Here come the friendly Yetis!
Why you shouldn't miss Smallfoot, out now in the UAE
I still remember exactly how I felt while watching Inside Out - a sensitive, brilliant Disney animation from 2015 that delved into the functioning of the human mind by introducing emotions and memories as characters, and sent out a powerful message about both. By turns, it gave me goosebumps, made me sad, made me laugh, and made me reflect. A few tears popped out when 11-year-old Riley's (the main character) former imaginary friend Bing Bong, a sweet elephant-like creature made out of cotton candy, makes a heartbreaking exit by sacrificing himself to save Joy, one of Riley's five core emotions, the others being Sadness, Disgust, Anger and Fear. Last Sunday, after attending the premiere of Smallfoot, I experienced feelings similar to what I had with Inside Out. Though decidedly a breezier, more light-hearted cinematic offering than its predecessor, Smallfoot is no less powerful in the message it sends out to viewers.
What are your thoughts on a Yeti? Could you ever grow to like one? Before watching Smallfoot, my idea of a Yeti was limited to the encyclopedic definition of it being a mythical creature also known as 'the abominable snowman' that is rumoured to inhabit the Himalayan areas of Nepal, Bhutan and Tibet. And even though it's a myth, human nature suggests that this is someone or something to be afraid of. So imagine my surprise when a creature traditionally depicted as dark and forbidding is turned into a cheery, cute, and chatty animation called Migo (voiced by Channing Tatum). The fun doesn't stop here because it's not just one Yeti you'll encounter in Smallfoot - you can look forward to a whole snowy village of them!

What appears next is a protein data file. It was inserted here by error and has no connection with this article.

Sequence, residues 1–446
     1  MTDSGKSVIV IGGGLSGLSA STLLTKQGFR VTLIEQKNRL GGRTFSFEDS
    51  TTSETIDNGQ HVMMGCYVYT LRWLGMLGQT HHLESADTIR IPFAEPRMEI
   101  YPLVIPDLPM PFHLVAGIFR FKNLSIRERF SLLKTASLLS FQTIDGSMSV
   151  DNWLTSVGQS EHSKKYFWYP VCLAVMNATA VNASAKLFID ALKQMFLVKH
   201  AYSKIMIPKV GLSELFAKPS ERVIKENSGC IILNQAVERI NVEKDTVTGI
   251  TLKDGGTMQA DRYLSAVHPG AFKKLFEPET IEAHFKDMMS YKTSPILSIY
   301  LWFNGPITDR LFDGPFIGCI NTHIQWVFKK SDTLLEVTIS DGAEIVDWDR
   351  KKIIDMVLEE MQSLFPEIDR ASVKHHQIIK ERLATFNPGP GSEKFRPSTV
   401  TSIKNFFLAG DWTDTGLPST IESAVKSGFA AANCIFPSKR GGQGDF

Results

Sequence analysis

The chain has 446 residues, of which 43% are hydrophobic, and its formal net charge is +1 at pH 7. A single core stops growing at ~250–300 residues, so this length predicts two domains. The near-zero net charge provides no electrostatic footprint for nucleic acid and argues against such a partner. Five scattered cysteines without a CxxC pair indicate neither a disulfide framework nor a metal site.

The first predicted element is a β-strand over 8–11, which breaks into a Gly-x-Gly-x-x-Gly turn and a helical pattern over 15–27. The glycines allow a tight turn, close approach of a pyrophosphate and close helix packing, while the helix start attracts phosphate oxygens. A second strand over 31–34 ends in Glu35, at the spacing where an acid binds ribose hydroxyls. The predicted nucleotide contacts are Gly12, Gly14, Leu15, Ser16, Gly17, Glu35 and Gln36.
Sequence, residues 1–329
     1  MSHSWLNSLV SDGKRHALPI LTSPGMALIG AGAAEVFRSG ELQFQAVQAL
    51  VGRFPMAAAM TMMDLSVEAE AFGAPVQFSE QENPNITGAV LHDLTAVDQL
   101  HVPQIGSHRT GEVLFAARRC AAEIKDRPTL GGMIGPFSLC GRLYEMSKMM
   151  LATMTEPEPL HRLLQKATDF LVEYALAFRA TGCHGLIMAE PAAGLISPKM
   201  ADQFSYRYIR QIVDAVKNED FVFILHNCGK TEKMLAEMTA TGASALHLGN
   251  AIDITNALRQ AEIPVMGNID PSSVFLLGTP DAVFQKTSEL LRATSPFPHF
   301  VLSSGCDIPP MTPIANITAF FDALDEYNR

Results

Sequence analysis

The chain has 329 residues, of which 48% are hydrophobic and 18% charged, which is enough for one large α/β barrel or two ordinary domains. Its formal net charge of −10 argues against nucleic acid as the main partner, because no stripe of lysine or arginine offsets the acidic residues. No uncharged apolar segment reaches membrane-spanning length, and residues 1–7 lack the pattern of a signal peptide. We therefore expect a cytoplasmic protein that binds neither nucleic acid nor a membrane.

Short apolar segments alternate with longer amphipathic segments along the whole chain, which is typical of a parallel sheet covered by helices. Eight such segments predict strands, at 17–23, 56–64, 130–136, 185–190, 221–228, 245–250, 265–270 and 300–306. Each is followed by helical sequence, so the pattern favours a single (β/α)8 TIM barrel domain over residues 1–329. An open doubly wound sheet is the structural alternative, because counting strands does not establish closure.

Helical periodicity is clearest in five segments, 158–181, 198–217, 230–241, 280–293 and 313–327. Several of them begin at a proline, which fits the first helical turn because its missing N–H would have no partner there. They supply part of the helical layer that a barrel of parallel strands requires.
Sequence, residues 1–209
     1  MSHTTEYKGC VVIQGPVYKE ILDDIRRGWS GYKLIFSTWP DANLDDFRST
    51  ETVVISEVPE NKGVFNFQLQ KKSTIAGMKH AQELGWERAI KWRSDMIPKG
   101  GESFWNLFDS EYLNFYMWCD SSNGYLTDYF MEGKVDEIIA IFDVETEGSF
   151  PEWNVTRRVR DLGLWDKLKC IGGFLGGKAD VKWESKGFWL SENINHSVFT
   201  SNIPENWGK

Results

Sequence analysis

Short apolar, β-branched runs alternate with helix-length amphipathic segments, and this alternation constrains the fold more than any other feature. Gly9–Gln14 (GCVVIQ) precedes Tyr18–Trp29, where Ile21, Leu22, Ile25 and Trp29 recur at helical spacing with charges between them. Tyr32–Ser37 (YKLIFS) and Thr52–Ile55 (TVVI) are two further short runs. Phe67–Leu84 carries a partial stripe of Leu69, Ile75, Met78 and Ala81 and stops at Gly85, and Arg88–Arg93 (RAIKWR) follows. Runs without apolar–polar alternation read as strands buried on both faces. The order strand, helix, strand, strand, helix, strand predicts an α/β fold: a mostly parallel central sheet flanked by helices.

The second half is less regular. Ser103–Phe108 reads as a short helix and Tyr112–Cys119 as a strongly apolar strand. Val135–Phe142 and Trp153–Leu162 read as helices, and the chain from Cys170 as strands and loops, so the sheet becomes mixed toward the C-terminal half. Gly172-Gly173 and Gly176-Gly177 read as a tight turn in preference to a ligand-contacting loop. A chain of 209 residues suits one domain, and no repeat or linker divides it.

The Yetis in Smallfoot live a largely carefree existence, their lives governed by laws inscribed on a set of stones. Don't question the stones, they're told. But what happens when they do, when Migo encounters someone - a 'smallfoot' - who according to their stones shouldn't exist?
There are plenty of laughs in this delightful film, but what resonates most is the idea that just because people (or creatures) are different from each other doesn't mean they can't communicate or be friends. Themes of acceptance and broad-mindedness are explored in Smallfoot and in the exuberant tune Wonderful Life, Zendaya (who voices Meechee in the film), couldn't have put it better when she sings the line 'look around, there's more to life than meets the eye.' Don't miss Smallfoot, playing now in the UAE, and if by chance you haven't seen Inside Out yet, do put that on your must-watch list too. Films like these stay with you for life.